If it weren’t for ‘2001,’ who knows whether we would have gotten other science fiction films that try to explore the wonders of space like “Interstellar” or “Gravity.” Also, ‘2001’ attempted to explore the likely perils of artificial intelligence with the famous storyline set in space involving astronauts being ambushed by the spaceship computer called HAL 9000.
A portrait of the evolution of man, space travel, and technology all rolled into one, “2001: A Space Odyssey” is a journey into the wonders of life itself that even today, still has people trying to decipher its symbolic storytelling. Even though it might not work for everyone because a good chunk of it is wordless and it requires a lot of patience thanks to its two and a half hour running time, it is still laudable because it served as a backbone for the science fiction genre and deserves a watch.
“2001: A Space Odyssey” is set for re-release in 70mm on May 18th. - Source
This looks so weird ... it just has to be good.
What do you get when you mash up a puppet, big boobs, killer plants, the cast of Star Trek and Snoop Dogg?
The answer ... a really strange looking Star Trek parody called "Unbelievable!!!!!"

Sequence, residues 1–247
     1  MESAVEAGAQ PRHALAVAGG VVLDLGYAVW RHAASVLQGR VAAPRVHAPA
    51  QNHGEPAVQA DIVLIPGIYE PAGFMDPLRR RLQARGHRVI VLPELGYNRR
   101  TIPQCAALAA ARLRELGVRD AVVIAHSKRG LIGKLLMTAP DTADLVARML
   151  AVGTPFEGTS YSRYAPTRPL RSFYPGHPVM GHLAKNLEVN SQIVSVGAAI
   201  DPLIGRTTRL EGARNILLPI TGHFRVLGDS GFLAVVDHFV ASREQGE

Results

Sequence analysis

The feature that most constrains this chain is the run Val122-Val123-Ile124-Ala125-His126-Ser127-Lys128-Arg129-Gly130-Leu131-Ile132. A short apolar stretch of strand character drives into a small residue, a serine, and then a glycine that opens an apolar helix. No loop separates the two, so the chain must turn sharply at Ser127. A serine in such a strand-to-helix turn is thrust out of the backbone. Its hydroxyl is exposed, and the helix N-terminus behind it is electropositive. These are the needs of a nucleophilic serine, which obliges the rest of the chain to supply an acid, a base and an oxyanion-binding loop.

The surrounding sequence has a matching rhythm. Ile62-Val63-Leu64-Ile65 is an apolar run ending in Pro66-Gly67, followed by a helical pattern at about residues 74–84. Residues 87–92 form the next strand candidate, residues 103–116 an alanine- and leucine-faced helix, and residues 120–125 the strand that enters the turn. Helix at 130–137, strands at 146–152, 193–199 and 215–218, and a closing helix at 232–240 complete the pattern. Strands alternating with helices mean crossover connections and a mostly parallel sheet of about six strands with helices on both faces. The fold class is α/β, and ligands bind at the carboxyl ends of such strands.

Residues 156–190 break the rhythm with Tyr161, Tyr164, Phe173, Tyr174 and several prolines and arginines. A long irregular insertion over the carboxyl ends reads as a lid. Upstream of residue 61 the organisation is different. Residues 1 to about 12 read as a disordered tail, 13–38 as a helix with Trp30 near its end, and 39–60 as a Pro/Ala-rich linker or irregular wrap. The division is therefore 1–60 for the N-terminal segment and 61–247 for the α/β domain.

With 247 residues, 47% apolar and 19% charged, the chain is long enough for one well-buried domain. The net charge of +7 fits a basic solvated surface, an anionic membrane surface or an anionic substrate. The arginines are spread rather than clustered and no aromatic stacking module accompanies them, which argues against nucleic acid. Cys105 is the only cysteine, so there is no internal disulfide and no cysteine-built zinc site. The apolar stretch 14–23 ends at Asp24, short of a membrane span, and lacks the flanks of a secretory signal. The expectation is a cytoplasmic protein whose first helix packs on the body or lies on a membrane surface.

Here is the press:
Three astronauts along with their Fearless Leader Puppet Companion Captain Kirk Stillwood, travel to the Moon on a rescue mission to determine the fate of two Aeronautical Space Systems (A.S.S.) comrades who have not been heard from in several days. The individuals they find at the Lunar Base are not whom they appear to be and, through acts of trickery and deception, nearly succeed in killing them. The four return to find that everyone on the planet has been transformed into a exotic plant-life. These KILLER plant-aliens have conquered Earth and now seek to destroy the last remnants of humanity! The astronauts fight back and soon discover how to rid themselves of the killer alien threat.